My Lords, does the noble Baroness not agree that it is more important to discuss the substance of this treaty than who signed what when, out of which I am not sure anyone emerges with huge credit? Those who live in glass houses really ought not to start throwing stones. The noble Baroness, Lady Chalker, signed the Single European Act, and the Financial Secretary, Mr Francis Maude, signed the treaty of Maastricht—both of which were much more weighty documents than this one. We should pass on to something more interesting.

On Kosovo, will the Minister confirm that the European Union is now committed, effectively, to what it was asked to do under the Ahtisaari plan and that that commitment is not conditional on a positive Russian vote in the Security Council, but will go ahead willy-nilly?

On Iran, does the Minister not agree that, although it is welcome that further sanctions against Iran will be considered both in the Security Council and the EU, there is a very strong case that, if those decisions go ahead in either one of those two forums, at the same time, the United States should say that it is prepared to enter into an unconditional dialogue with Iran?

Finally, I noticed in the conclusions of the European Council a reference to technical preparations being put in hand on the implementation of the reform treaty on the basis of a work plan to be produced by the incoming Slovenian presidency. Will the Leader of the House confirm that Britain will play a full, effective and constructive role in those preparations? I have heard that, at the moment, there is not much input from the British side.

My Lords, I am grateful to the noble Lord. I associate myself with his opening remarks about who signs what, when and where. Certainly, in terms of Kosovo, we believe that the Ahtisaari proposals provide the best way forward and that is the stance that we will take. We want to ensure that Kosovo's leaders remain in step with the international community and we do not want discussions to be dragged out.

On Iran, our discussions continue: I can say nothing further than that at the moment. As far as I am aware, we have been involved with the Slovenian presidency. I will try to follow up the detail of the noble Lord's comments.

My Lords, I should acknowledge that I signed the treaty for the accession of Spain and Portugal to the European Union in Madrid and Lisbon. I regard that—perhaps the Minister will agree—along with the other treaties mentioned by the noble Lord, Lord Hannay, and the one signed last week, as one of the less than elegant but essentially necessary components in progress towards the coherent development and success of the European Union.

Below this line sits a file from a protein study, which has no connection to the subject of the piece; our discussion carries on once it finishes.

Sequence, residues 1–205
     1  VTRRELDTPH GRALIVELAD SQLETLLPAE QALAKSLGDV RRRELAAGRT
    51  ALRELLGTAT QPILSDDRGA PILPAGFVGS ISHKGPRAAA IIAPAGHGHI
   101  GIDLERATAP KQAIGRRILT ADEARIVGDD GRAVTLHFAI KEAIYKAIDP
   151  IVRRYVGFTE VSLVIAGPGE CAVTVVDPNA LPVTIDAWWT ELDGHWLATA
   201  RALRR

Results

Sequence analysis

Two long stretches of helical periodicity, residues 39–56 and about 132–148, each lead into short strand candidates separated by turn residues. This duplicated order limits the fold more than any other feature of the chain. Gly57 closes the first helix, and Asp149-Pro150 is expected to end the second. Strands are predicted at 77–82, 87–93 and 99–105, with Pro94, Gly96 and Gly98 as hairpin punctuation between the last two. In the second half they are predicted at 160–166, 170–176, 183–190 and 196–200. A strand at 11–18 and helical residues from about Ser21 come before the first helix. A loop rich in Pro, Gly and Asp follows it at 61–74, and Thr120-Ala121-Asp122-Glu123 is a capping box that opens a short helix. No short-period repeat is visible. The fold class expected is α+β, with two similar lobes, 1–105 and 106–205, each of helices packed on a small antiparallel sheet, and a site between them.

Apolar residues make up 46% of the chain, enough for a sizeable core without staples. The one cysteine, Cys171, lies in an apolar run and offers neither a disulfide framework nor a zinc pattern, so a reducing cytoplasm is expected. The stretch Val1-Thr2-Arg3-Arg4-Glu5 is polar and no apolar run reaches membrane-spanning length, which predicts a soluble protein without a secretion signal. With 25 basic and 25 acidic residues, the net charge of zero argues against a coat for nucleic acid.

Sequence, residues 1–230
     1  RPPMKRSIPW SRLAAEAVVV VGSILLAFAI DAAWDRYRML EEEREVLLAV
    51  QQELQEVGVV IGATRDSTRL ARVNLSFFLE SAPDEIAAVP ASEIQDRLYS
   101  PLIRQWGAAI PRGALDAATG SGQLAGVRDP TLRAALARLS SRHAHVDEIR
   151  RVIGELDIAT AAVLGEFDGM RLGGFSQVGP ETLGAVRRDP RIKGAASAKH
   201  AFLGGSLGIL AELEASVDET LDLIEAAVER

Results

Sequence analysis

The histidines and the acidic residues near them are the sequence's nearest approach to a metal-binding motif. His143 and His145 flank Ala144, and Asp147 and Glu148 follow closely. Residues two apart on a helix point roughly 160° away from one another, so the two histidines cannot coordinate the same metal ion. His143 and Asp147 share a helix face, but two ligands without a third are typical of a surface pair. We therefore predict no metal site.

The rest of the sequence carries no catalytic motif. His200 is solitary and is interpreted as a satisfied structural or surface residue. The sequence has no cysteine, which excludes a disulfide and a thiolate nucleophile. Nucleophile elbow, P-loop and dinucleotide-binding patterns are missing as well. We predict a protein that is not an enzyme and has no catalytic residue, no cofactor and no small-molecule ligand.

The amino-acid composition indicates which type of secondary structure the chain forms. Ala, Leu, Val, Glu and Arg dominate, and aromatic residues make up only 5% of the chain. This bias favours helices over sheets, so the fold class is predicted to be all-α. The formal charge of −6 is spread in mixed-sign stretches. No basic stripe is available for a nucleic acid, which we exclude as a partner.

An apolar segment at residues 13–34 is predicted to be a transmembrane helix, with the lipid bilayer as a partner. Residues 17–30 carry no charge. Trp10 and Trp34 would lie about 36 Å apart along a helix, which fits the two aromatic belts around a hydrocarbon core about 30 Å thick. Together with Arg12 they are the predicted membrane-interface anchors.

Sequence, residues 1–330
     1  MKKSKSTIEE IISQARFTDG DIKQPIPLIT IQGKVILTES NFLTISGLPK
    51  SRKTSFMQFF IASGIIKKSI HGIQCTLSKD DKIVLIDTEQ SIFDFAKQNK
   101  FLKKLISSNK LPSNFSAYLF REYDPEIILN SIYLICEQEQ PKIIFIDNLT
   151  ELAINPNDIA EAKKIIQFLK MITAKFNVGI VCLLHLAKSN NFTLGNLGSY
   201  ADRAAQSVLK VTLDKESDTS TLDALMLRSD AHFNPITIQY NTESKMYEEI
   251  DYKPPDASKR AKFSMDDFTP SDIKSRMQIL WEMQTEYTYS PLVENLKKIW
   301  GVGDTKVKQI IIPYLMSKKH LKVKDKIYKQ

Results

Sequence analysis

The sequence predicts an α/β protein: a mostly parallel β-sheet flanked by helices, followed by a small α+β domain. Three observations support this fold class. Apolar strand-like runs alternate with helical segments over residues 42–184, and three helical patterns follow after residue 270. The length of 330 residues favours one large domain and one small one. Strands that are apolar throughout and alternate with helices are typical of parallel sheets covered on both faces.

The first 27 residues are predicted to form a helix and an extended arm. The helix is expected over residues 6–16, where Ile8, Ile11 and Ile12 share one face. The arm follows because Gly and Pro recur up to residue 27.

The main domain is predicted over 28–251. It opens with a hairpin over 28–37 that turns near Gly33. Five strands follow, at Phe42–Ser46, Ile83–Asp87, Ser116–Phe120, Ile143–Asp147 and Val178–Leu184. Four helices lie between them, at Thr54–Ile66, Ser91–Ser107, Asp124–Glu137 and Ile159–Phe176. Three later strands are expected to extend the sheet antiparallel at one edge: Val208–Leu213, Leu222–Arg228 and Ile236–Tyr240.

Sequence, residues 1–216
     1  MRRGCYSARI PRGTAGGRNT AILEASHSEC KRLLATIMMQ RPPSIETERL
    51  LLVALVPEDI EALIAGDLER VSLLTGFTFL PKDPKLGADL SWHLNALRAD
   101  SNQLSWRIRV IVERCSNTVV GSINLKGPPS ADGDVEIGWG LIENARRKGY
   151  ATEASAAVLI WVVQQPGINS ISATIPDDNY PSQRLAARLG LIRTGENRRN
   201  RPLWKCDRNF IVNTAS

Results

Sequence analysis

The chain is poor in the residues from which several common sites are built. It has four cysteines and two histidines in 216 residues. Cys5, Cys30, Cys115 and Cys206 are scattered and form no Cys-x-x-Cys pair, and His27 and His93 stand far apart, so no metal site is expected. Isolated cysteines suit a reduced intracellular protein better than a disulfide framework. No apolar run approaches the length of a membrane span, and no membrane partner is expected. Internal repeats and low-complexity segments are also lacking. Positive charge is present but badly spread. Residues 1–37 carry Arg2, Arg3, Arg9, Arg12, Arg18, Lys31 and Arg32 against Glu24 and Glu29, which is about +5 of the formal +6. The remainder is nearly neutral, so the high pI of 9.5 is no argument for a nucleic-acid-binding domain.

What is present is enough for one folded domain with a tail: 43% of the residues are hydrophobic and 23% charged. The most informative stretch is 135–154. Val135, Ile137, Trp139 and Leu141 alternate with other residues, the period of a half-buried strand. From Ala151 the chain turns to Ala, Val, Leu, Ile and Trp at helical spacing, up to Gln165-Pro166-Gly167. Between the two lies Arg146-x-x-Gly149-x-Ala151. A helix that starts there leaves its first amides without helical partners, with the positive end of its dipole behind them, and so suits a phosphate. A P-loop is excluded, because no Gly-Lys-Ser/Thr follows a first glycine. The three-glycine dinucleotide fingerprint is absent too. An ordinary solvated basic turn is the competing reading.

I would not seek to argue that it was a meticulously perfect document, but they never have been because they have all been the result of endless negotiation. I am glad that it has been signed. I hope that there will be no undue enthusiasm about referendums. I have always regarded those as suitable exercises for Welshmen approving or disapproving of the opening of pubs on Sunday, but not for the merits or otherwise of a treaty of this complexity and importance.

Having said that, does the noble Baroness not understand the shameful impact of the Prime Minister’s leadership on the management of these closing stages? I am reminded of the old legal joke about counsel asking for a case to be adjourned by saying to his Lordship, “I'm afraid that the alibi witnesses are at present busy in another court”. Nothing can justify the Prime Minister's failure to play the role that ought to have been played. Frankly, I worry about the explanation for such an inadequate and incoherent performance—the reluctance to give any evidence of effective participation in team membership and support of an important project, and a reluctance to proclaim the merits either here or there in the way in which they ought to have been proclaimed. I worry that the Prime Minister, so it is said, experienced some difficulty in coexisting and cohabiting with his officials at the Treasury, demonstrated some difficulty in cohabiting with some of his own colleagues in Cabinet and demonstrated almost no ability whatever to work the room of the European Council meeting in the way that President Sarkozy did.